"We've been over this, Pumpkin," addressed Rarity, frowning. "We can't afford those. Or even find them, in all likelihood. It will be a simple gathering among family. And you, Twilight, if you like."
Twilight expected this. "Why don't you make the decorations?" she suggested. "You and Pinkie Pie? I think you'd both do an amazing job."
"But," began Rarity, "I don't think..."
"Trust me on this one," asserted Twilight. "I think the two of you would do an amazing job."
The conversation didn't last for much longer. The farm was waking up around them, and Twilight saw the other ponies begin to leave their homes and head into the field to begin work. She didn't want to keep Rarity and Big Macintosh and the rest from doing the job that fed them, but also, secretly, she didn't want to see the looks on any more ponies' faces if they found out she was leaving. She didn't know if they would be upset that a pony that had to potential to save them from starvation was selfishly running away, or glad that the ill omen, the foal killer, was going to leave them alone. Twilight felt that either possibility would devastate her. The only way to stop her from breaking down was to leave the question unanswered, so she hurriedly said her goodbyes and left, walking down the dirt path toward the only light in the sky.
Traveling into town should not have taken long. Twilight could usually clear the distance in fifteen minutes, even if she walked at a slow gait. Now the journey took her thirty. It seemed that for every three steps she took toward Ponyville, she took one step back. No need to rush, she told herself. Ponyville will still be there, waiting for you, when you're good and ready.
She finally neared the town, approaching Fluttershy's cottage. Although the house clearly was no longer Fluttershy's, Twilight circled around it, separating herself by almost her entire line of sight on the off-chance that Fluttershy, wings torn, caked in dirt and worse, was somehow inside.
Once the cottage was safely behind her, Twilight was able to breathe again. The town looked almost exactly like it should, yet something she couldn't place unsettled her. Just like the lack of trees at the farm, something in the corner of her eye was bothering her, some detail she was unable to find. But her gut knew it was wrong, and no amount of cold logic would settle it.
As if cold logic had any value at this point. It had done practically nothing to help her.
Twilight navigated the streets of Ponyville, taking the most direct route to the library. As curious as she was to discover the fates of Carousel Boutique and Sugar Cube Corner, she didn't want to risk an encounter with anypony, especially a pony she knew. Fortunately, she was alone. The streets were completely deserted.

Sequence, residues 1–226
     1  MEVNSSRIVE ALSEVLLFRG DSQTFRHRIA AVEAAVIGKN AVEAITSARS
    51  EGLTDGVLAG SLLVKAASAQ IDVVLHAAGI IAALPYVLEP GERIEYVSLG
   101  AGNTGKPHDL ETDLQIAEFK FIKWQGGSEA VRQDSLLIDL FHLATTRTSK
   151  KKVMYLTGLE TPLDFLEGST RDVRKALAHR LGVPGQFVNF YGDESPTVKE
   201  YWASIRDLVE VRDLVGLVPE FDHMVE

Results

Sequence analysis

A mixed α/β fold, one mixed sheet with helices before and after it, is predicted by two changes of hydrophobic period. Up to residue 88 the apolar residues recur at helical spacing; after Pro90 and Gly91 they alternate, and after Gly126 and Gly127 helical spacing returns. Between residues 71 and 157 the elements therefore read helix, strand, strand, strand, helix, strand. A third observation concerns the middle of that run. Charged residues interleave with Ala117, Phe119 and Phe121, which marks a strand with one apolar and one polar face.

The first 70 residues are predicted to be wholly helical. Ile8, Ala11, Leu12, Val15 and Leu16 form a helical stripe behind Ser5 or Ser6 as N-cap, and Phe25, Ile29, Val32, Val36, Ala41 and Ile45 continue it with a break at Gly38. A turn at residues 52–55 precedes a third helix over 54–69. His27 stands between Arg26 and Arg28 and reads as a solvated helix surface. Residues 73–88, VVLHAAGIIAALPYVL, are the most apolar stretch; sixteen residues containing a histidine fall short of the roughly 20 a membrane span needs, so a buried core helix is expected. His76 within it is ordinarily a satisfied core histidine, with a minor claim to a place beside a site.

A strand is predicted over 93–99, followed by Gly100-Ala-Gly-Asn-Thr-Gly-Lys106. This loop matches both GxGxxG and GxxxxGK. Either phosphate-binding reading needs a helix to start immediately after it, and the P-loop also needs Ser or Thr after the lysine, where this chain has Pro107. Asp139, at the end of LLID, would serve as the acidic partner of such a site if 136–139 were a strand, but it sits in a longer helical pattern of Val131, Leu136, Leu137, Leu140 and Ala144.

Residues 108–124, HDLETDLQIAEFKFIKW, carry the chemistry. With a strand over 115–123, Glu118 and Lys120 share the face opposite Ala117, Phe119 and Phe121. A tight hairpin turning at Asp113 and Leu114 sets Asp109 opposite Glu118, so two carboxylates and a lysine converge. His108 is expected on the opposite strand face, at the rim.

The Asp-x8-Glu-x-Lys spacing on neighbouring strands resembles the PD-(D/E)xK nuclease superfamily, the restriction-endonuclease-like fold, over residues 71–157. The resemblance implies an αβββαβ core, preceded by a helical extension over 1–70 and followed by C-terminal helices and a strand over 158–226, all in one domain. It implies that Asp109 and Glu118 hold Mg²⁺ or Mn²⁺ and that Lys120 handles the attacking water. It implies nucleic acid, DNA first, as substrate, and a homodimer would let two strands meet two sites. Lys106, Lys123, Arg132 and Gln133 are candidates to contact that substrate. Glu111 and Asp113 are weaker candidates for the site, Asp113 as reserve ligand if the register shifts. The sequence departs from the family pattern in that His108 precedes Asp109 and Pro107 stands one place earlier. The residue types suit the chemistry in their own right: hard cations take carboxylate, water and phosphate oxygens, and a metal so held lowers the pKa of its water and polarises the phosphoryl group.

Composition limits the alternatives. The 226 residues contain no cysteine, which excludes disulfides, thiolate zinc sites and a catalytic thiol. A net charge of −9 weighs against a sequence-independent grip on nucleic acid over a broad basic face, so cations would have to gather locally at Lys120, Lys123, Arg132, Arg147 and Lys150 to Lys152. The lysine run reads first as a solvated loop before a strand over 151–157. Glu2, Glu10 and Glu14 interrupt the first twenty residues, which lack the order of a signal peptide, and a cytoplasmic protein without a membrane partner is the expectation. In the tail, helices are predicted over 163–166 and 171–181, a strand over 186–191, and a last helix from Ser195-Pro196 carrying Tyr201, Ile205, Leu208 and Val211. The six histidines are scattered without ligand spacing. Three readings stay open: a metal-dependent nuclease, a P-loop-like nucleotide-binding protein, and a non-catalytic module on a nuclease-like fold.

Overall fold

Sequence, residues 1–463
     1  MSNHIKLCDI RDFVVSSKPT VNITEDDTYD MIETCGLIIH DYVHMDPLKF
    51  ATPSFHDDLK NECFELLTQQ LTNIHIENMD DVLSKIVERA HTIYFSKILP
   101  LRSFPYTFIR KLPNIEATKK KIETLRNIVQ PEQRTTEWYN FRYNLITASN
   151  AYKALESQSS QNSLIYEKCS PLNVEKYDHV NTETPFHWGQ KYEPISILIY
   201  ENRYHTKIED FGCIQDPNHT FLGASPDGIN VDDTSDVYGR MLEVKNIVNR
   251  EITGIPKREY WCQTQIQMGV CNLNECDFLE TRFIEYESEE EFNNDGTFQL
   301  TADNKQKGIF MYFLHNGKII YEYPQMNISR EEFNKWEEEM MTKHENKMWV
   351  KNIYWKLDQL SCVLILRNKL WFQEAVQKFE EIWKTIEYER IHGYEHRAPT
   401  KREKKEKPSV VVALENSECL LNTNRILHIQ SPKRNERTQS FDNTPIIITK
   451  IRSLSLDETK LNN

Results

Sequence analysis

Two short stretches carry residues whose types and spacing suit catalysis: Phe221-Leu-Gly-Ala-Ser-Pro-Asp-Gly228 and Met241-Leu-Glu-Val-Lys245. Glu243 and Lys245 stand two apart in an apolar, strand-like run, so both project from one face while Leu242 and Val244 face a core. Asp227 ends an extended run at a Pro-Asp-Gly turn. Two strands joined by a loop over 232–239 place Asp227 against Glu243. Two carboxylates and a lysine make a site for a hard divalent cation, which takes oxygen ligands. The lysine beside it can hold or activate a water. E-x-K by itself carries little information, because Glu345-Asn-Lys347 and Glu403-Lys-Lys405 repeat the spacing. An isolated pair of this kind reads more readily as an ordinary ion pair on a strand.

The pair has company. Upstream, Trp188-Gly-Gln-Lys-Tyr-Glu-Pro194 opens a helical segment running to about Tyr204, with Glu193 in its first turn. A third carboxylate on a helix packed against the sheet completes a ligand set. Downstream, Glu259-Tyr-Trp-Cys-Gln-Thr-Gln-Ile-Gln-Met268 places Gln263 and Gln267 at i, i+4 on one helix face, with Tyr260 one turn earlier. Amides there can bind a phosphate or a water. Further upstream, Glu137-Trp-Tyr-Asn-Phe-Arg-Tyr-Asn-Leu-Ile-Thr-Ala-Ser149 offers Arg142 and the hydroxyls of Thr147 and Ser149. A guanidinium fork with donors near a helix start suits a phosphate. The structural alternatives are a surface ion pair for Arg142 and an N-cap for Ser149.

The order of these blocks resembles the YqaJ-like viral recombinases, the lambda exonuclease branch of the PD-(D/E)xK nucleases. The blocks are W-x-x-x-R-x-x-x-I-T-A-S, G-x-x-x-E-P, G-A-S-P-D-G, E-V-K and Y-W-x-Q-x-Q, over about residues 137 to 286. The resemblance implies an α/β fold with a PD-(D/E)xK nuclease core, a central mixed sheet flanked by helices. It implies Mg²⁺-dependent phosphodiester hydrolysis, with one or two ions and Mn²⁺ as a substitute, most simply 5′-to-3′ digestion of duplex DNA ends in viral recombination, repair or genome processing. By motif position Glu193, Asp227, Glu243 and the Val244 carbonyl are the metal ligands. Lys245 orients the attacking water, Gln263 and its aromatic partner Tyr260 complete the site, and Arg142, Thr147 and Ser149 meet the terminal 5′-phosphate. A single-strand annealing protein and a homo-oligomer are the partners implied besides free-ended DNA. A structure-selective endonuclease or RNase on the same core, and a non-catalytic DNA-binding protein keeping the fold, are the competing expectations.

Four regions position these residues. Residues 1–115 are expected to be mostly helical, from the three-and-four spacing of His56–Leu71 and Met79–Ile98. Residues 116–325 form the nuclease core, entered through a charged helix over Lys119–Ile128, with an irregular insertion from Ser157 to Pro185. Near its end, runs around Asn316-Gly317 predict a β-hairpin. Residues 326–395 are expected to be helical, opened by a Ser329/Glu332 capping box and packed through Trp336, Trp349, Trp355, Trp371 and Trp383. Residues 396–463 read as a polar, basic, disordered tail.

Twilight shivered again. That was the problem. Nopony was outside. She was used to seeing large crowds of ponies every day, on the way to the market, or perhaps just enjoying each other's company, but it appeared that the residents of the new Ponyville had no time for company. Or maybe there were no residents, and Ponyville had become a ghost town. Twilight pushed the thought aside as the towering branches of the library appeared in the distance.
The tree wasn't always a library, Twilight remembered. In Ponyville's early days, it was a prison. She silently prayed that the town hadn't decided to return the tree to its original purpose. However, a picture of an open book adorned the sign outside the front entrance, giving Twilight hope that her journey had not been a waste of time. As an added bonus, Twilight realized, if the ponies of Ponyville had to work so desperately to keep themselves from starving, then it seemed unlikely that any of them would be wasting time at the library to disturb her.
The thought was incredibly selfish and only a small consolation. Twilight berated herself for even thinking it. Now she stood frozen, reflecting on her surroundings and herself as the true gravity of the situation sunk in. She had been numb to the horror, not because she doubted it was real, but because the world was so far removed from the Ponyville she knew that the plight of the starving ponies felt like something out of a book she had read or an opera Celestia had taken her to as a filly. As long as the deaths occurred offstage, Twilight wouldn't have much of an emotional response. She had always had little skill relating to others, but even less experience. She had been unable to truly understand, and thus unable to grieve. Now, if she began crying, she didn't think she'd be able to stop. Instead, Twilight forced herself not to think about anything other than her own personal goals.